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Happy 81st Birthday to us!
The first issue of Newsweek was published in 1933 and covered a wide-range of topics that… pretty much reflect the issues we’re facing today, from dog sledding in Central Park on a balmy day that reminded the author of ‘Alaska in spring time,’ to a president who may be awarded ‘extraordinary powers’ in wartime.
The magazine was founded by editor Samuel T. Williamson, and run from a Dayton, Ohio headquarters.
It cost $4/year to subscribe.
Here’s an un-fun experiment: the next time your kid’s in the other room, sneak a peek at her science textbook. Chances are, it says evolution is just a theory and global warming is debatable.
If you’re living in Louisiana or Tennessee, you may also want to check out what your kids’ teachers are discussing in class: Teachers in those states are now allowed to teach creationism along with evolution and to argue both sides of global warming - even over the objections of their school principals and superintendents.
In 2013, nine anti-science bills were introduced in seven states, and legislators nationwide have filed about 50 bills in the past 10 years declaring evolution a “controversial” idea whose opposing side, creationism, must be taught in the interest of academic freedom. Though most of these efforts died in committee - as South Dakota’s did last week - some become law.
It’s all being done under the guise of fairness: Missouri’s House Bill 1587, creeping toward a vote, would force principals and administrators to let teachers “help students understand, analyze, critique, and review in an objective manner the scientific strengths and scientific weaknesses of the theory of biological and hypotheses of chemical evolution.”
The bill’s authors say it’ll help students “develop critical thinking skills, and respond appropriately and respectfully to differences of opinion about controversial issues, including biological and chemical evolution.”
Students at top tier universities in the U.S. might find themselves kicked out because their school’s immediate reaction to their mental health crisis is not to treat - it’s to expel. A Newsweek expose by Katie JM Baker.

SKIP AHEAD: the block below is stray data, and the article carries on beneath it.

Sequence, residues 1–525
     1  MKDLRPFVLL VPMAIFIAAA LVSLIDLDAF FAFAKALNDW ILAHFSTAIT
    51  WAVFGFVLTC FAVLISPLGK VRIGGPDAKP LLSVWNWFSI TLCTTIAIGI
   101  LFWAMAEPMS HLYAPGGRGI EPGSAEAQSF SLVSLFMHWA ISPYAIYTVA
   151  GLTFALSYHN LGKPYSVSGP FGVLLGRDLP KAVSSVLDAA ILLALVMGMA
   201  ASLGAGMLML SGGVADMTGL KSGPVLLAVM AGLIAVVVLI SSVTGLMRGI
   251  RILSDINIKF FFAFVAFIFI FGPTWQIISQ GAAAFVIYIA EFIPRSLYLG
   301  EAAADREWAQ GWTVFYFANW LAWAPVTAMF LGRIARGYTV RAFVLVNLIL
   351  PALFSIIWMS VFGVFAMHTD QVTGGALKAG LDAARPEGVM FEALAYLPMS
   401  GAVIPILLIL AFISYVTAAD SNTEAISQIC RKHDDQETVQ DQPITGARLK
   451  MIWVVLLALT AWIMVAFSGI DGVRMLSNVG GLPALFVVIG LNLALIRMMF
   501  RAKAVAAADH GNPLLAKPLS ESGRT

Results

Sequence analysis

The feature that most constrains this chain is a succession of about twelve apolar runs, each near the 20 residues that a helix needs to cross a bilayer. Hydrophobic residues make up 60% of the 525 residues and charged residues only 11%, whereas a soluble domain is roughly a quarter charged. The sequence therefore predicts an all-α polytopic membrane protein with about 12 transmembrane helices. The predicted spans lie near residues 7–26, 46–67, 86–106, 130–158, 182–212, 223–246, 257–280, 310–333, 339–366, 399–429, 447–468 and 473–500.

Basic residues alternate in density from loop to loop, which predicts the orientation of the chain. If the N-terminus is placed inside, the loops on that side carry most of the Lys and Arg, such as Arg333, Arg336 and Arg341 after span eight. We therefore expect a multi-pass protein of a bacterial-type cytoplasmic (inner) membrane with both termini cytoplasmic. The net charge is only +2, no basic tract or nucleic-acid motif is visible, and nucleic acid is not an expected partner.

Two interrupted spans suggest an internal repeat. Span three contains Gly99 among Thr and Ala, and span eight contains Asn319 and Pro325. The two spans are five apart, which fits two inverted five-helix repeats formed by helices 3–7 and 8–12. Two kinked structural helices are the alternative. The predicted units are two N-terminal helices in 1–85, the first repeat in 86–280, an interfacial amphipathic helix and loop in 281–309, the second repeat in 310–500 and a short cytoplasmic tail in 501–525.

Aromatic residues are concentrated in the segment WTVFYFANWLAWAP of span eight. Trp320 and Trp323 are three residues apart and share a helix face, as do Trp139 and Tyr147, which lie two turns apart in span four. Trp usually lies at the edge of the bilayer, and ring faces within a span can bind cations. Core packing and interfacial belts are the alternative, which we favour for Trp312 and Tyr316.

The common assumption that male figure skaters are gay – and the latent and often blatant hostility behind it – is the sport’s deep and dirty secret.
Here’s a timeline of a few notable moments in queer skating history. I contributed in a minor way to a few of these moments. I wrote about the first Olympic-eligible out gay skater in the U.S., Doug Mattis, for the Advocatein 1996. I wrote the technical appendix for Rudy Galindo’s autobiography, Icebreaker, in 1997. There’s nothing dirty about the rich, supportive, creative queer culture within figure skating; the dirtiness is about what happens when homophobia and gaybashing hurt the sport and the athletes, and how people within the sport react, in their various ways, sometimes oppressively, to the fear around that oppression.
And in case you’re wondering: yes, there are bisexuals in skating. And queer women. No, not all the men are gay or queer. My guess is that between half and two thirds of male North American skaters are straight, and the numbers are higher outside North America. But that’s just a guess, based on very unreliable estimates, and I’ve never been a skater. No, you can’t always tell by looking which male skaters are queer. Some of the femmiest-looking ones are straight.
Love and courage to all skaters of all orientations going to Sochi, and the officials and judges and families who are going as well. Be safe and strong and brave, dear people.
Thanks to our friend Roxanne Palmer, we’re live drawing parts of today’s SOTU. It’s an experiment - bear with us - but… YAY!
Catch up with the rest of our team live on Twitter.
[Favorite GIF, so far via @WashingtonPost: ]
This might be tagged as ASFW (“Almost Safe For Work”):For the first time, a massive data set of 10,000 porn stars has been extracted from the world’s largest database of adult films and performers. I’ve spent the last six months analyzing it to discover the truth about what the average performer looks like, what they do on film, and how their role has evolved over the last forty years.
Remember the Newsweek story a few weeks ago about the massacre of indigenous people in Ecuador? The country’s leadership sure does.
President Rafael Correa addressed us in an acerbic speech last weekend and this week, Ecuadorian Ambassador to the United States Nathalie Ciely sent Newsweek a sternly worded letter, accusing reporter, Bethany Horne of being an “anti-government activist,” among other things.
Horne, who until recently worked for a pro-government newspaper, responded.